I have been in remission from Leukemia for over twenty five years now. Doctors considered me “cured” long ago. But it’s a paradoxical term, in my opinion; a combination of current success with the possibility of future failure. When someone is said to be “in remission,” that means the cancer has been beaten… for the moment. The body has taken back control and the cancerous cells have surrendered. Until they don’t. Too often they lie dormant, waiting for another opportunity to catch the body’s defense system off guard, only to come flooding back in, working furiously to strengthen their numbers. Sometimes the body successfully beats back the invasion again, once more entering into a state of remission. And sometimes it doesn’t, fighting until the grave. I am, unfortunately, intimately familiar with both.
I believe that every single person combats their own cancer- perhaps not on the cellular level, but on the soul level. If you consider what cancer actually is by definition (a disease caused by an uncontrolled division of abnormal cells), I believe we are all born with a soul containing abnormal “cells” (a.k.a. our sin nature). The thoughts we think and the choices we make throughout our lifetime determine how much those cells divide and proliferate or remain dormant and inactive. Ultimately, though, the sad truth is that we all develop cancers- be it selfishness, pride, greed, anger, depression, hatred, bitterness, or any number of other soul-draining diseases. It is humanity’s curse.
But thank God the grave was not the end of His story, and it’s not the end of ours either.
There are no saints in this world. Even the “best” trudge through the trenches of imperfect living and thinking. I may be in remission from Leukemia, but there remains a more deeply rooted disturbance that gathers its strength daily every time I allow my anger and frustration to supersede kindness, gentleness, and respect.
“My dear brothers and sisters, take note of this: Everyone should be quick to listen, slow to speak and slow to become angry, because human anger does not produce the righteousness that God desires.” (James 1:19-20)
“Do not be quickly provoked in your spirit, for anger resides in the lap of fools.” (Ecclesiastes 7:9)
If it seems like much of my writing focuses on this one particular character flaw of mine it’s because I am very much a fool in this regard and it is the refining fire that burns hottest, the one that I often reject walking through out of pride, the one that keeps me lying awake at night wallowing in guilt. My propensity towards immediate frustration and annoyance is the thorn in my side. I get angry that I am angry, for goodness sake! And God’s response to my pleas that He help me acquire more self-control? More opportunities to practice getting it right.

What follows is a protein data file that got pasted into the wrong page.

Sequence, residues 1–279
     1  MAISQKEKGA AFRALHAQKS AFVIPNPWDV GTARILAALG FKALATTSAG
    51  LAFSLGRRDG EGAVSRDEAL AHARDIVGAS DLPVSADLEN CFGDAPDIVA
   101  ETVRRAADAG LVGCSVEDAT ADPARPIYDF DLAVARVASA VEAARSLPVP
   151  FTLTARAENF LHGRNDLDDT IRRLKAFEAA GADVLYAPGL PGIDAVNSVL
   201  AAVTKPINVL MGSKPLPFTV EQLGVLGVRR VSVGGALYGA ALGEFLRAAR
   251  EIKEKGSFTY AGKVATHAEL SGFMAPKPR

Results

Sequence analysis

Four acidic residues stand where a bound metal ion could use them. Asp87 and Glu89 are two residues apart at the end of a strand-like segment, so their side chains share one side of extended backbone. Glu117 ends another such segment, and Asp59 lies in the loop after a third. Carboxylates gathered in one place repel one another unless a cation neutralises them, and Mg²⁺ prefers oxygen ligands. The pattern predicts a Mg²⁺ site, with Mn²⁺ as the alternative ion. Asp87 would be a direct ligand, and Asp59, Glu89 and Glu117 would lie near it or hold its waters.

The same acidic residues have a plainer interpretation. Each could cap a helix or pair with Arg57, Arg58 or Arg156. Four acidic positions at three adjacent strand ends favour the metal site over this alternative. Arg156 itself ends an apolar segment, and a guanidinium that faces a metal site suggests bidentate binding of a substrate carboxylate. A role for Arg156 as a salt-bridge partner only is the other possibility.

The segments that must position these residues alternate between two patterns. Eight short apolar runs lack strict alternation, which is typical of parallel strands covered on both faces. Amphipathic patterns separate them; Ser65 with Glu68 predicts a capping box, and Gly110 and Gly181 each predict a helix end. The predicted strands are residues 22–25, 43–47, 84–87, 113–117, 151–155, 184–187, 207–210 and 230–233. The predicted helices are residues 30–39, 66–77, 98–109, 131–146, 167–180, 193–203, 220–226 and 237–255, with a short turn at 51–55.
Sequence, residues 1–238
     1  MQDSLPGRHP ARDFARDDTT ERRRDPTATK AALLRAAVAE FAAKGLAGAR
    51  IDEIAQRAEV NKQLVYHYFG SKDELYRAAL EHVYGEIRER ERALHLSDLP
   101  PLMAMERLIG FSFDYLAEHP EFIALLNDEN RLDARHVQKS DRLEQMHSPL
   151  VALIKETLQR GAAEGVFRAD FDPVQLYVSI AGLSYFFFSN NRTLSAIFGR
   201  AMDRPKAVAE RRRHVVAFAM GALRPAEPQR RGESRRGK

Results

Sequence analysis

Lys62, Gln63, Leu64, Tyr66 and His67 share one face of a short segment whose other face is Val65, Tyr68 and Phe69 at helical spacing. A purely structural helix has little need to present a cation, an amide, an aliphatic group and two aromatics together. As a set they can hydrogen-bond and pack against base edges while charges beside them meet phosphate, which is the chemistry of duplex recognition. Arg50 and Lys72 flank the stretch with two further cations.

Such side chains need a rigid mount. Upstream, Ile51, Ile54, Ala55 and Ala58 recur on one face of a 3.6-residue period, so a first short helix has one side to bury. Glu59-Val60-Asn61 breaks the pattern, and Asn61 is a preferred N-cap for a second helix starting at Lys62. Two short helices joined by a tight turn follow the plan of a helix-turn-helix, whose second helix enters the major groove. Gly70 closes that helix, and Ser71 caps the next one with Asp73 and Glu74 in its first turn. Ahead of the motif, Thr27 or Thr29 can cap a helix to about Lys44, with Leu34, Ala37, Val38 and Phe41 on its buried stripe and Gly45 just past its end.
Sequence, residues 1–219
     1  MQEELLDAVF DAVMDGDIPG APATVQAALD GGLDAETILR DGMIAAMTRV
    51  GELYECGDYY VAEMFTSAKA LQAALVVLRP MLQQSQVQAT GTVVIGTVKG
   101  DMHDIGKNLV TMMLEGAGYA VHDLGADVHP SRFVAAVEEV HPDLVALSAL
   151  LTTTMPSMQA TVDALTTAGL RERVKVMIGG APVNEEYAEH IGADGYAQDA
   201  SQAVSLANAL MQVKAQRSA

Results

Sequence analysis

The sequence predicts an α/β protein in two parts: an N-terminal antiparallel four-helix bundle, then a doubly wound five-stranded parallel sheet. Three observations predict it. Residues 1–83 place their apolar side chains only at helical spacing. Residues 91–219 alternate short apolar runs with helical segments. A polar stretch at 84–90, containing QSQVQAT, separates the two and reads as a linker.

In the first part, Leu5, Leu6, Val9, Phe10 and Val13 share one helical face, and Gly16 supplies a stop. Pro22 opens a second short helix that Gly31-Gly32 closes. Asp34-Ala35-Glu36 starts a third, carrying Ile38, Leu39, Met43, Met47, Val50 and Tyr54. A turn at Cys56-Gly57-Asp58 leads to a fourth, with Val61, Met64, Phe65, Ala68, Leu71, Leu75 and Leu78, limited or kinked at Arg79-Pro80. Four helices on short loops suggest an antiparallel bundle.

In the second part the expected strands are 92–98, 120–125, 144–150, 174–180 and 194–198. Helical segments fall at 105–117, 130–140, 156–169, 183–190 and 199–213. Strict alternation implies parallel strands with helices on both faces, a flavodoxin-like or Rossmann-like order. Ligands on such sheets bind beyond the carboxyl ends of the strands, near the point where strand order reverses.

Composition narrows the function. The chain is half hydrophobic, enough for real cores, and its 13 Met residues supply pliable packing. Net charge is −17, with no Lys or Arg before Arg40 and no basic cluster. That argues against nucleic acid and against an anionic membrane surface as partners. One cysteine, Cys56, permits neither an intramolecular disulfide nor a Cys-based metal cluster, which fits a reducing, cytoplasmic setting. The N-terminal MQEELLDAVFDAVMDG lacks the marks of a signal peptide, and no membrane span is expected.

Practice makes better, right? Well, unfortunately, my efforts most often feel a lot like one step forward and two steps back. I desire that my body reject the spread of this cancerous beast. Many days I do well. My reactions are slow and thoughtful, kind but firm. Other days I forget I’m the model for my children’s learned behavior and throw some epic adult tantrum-like attitude around, complete with yelling sarcastic responses at my sassy four year old in hopes that he won’t have a witty or quick enough response to “win” the argument. He usually does, though. And how? Because he’s been listening to ME.
It’s the ugliest kind of mirror.
Wasn’t my previous essay all about how I had finally figured it out and solved my problem? Yeah, that was a glorious week and a half of living in remission, of beating back the dark of my sin nature and living cancer-free. But while patting myself on the back, my heart was blinded by its own self-congratulatory pride, leaving the door cracked open for a few low-lying cells to sneak back in and take my body by surprise.
Normally I might say I’m back to square one, but I know I’m not. I recognize the signs earlier now, the swirls of smoke that signal a potential explosion- the heat rushing up to my face, jaw clenching, eyes narrowing. I have come to the point where, even in the heat of the moment, I hear God’s spirit within me begin to speak the way of wisdom to my rapidly disconnecting mind: slow down, breathe, pause, just wait, close your eyes, breathe again… and if I listen, I win. If I don’t, and allow my initial feelings to boil over into a reaction, I lose.
“I do not understand what I do. For what I want to do I do not do, but what I hate I do.” (Romans 7:15)
Ditto, Paul. Ditto a thousand times.
Living in remission of the soul means staying vigilant to potential threats that would create opportunity for a relapse. It means that the first time my son stares at me with a scowl on his face, I immediately take a deep breath. When his eyes roll all the way around his head and back again, I pause and close mine. Learning to react less and respond more is a developed skill that takes a whole lot of intentional practice and a whole lot more prayer. It means accepting the challenge of opportunities that offer such practice and need for prayer and facing them with a type of brave that goes beyond the natural.
And with the grit and determination of a mama who is committed to raising the right kind of men, I have resolved to keep on fighting. Every day. Every hour. Every moment.
Peace & Love, Amy
(If you are currently standing on a similar battleground, please let me know how I can pray for you.)